Of the four primary ingredients in beer — malt, hops, yeast and water — the selection of malts is probably the least understood by beer drinkers. It’s relatively easy to distinguish the effects of various hop varieties in juicy IPAs, but more difficult to discern, or even learn more about, the malts. Take, for example, beers in which rye is used as one of the malts, in addition to the more traditional barley.
Rye is a type of grass that was once considered a weed among the fields of barley and wheat, but has long since been used as a grain for breads, cereals and animal feed. It’s also very popular for making whiskey, and it produces a spicier finished product than the sweeter corn-based mash used to make bourbon. In beer, rye is a versatile, albeit somewhat unruly, ingredient that adds complexity and additional flavors.
The flavor I’ve always associated with rye, being born in New York, is that of rye bread. But the rye bread of home is loaded with caraway seeds, which impart a bitter, almost licorice-like flavor to the bread, and that is not what rye tastes like. When I began tasting beers containing rye, I errantly found myself searching for more of that distinctly licorice-like flavor in each sip. The taste of rye is slightly nutty, peppery and crisp — closer to the flavors of pumpernickel bread.
When used in beer, rye imparts a subtle spiciness. I often detect its presence as an “earthy” note. Depending how much rye is used — brewers typically use between 10 and 30 percent rye among the malt, and 50 percent or more in some traditional German beer styles — its flavor may be distinct or just a twinge of taste among others. Because this grain can provide a foundation for the rest of the brew, rye can be added to almost any style of beer.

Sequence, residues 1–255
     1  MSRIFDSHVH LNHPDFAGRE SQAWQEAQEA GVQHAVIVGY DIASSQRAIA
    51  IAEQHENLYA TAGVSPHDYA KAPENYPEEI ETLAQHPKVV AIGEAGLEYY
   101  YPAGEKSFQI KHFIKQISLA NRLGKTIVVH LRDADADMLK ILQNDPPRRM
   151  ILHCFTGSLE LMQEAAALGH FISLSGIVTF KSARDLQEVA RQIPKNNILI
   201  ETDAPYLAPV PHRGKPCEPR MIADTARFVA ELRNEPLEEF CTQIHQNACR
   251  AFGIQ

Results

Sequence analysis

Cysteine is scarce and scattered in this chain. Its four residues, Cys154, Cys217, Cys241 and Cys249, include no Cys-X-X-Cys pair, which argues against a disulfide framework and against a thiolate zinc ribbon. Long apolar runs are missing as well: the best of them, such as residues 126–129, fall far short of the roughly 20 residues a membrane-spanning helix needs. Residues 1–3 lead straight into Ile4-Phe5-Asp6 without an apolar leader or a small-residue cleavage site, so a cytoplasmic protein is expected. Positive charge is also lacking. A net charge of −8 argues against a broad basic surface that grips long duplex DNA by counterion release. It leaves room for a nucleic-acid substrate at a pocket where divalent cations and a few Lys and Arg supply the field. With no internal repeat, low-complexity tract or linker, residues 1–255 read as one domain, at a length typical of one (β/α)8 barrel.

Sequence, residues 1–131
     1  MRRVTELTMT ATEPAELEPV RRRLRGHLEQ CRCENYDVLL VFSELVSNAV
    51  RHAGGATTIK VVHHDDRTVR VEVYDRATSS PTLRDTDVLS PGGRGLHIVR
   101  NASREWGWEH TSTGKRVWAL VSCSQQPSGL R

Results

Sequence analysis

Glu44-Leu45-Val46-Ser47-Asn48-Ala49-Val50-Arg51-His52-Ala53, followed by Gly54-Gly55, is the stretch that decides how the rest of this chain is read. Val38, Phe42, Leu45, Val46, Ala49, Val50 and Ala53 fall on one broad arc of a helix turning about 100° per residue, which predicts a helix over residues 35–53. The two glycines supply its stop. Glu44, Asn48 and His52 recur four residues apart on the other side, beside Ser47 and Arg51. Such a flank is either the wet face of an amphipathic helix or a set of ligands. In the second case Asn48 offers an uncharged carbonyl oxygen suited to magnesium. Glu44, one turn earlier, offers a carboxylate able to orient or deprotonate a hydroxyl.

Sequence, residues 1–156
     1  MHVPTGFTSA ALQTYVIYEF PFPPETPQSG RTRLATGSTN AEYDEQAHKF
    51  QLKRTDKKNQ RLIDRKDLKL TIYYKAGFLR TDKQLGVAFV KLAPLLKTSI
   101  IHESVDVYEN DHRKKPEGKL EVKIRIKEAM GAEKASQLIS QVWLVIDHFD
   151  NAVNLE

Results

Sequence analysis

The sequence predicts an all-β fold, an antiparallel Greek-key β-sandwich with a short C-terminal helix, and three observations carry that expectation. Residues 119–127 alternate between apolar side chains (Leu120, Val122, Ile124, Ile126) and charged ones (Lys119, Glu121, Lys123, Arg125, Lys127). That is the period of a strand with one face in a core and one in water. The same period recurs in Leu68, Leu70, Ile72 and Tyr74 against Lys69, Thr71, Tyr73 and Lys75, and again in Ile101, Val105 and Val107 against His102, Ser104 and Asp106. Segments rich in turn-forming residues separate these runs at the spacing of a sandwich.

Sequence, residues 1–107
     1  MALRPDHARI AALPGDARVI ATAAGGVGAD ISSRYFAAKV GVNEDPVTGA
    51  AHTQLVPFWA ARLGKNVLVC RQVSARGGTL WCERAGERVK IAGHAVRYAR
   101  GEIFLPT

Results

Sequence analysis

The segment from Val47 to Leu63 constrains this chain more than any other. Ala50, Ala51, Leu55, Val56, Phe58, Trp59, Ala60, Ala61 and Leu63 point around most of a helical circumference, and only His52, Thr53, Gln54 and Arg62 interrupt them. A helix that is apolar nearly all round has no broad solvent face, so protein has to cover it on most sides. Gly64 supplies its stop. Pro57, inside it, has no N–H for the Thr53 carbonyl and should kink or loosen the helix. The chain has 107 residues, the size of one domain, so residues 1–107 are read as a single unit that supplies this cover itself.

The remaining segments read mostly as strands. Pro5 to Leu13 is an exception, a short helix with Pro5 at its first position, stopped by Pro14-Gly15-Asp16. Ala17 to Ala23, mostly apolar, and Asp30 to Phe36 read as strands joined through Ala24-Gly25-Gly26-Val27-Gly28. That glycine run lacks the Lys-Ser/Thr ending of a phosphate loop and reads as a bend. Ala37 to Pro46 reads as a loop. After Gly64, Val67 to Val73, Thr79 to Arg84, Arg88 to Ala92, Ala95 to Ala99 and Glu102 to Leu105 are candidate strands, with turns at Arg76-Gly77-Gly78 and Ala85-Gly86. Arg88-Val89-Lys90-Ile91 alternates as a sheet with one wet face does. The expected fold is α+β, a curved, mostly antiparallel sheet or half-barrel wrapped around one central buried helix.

Rye lovers may wonder why brewers don’t brew entirely with rye as the malt. The problem is the lack of husks. Without husks to move around in the mash, it becomes nearly impossible to sparge (the process of spraying water on the spent grain), and the mash becomes a thick, concrete-like porridge. Brewers who put large quantities of rye in a beer need to be prepared to lose a few wooden mash paddles in the process.
Rye beers are not uncommon in Maine, and the more you search for them, the more you’ll find. Rising Tide’s session rye, Daymark, is a year-round offering that’s my go-to beer when I don’t know what to bring to a house party. Its ABV is a manageable 5.5%, it has a nice earthy note to complement its bright lemony hops, and it’s interesting enough to stir some conversation.
Bissell Brothers’ LUX is a bit harder to get — it’s released in cans on a rotating schedule. LUX earned the number three spot on Beer Advocate’s list of Best Rye Beers (among hundreds of user-submitted reviews). Its flavors are punchier than Daymark’s – a tropical explosion of hops layered atop the rye-malt base.
On tap at Flight Deck Brewing, on Brunswick Landing (where the Naval Air Station used to be), are two rye beers of completely different styles. The Wright Stuff (named for the Wright Brothers) is a pale, crisp beer that pulls back the hops a bit to let the rye do its thing. Slightly cloudy, this beer stands out among traditional pale ales, and at 4.5% ABV, it remains very drinkable. If you prefer the darker side, Rye Wing features chocolate malt in addition to the rye. The rye imparts a roasted, spicy flavor, but doesn’t contribute to the heaviness of the beer, thus providing the best of dark-beer flavors in a lighter package (and also a reasonable 6.2% ABV).
If you’re crazy for rye, the traditional German Roggenbier is for you. Made with more than 50 percent rye, this style makes the grass the star of the show. Gneiss Brewing Company, in Limerick, brews a Roggenbier each spring called Stryeation. They use 70 percent rye and 30 percent wheat, then finish it with a little bit of German Noble hops. The result of this difficult process is a smooth, dark, spicy beauty.
As brewers continue to seek ways to innovate, varying specialty malts is one way they can “spice up” their recipes without going completely non-traditional. We’ve already seen the trends of adding additional flavors or ingredients (like fruits, etc.). Using rye is a more technical way for brewers to create unique beers, and well worth taking some time to explore.
Originally published in the December 2017 issue of The Bollard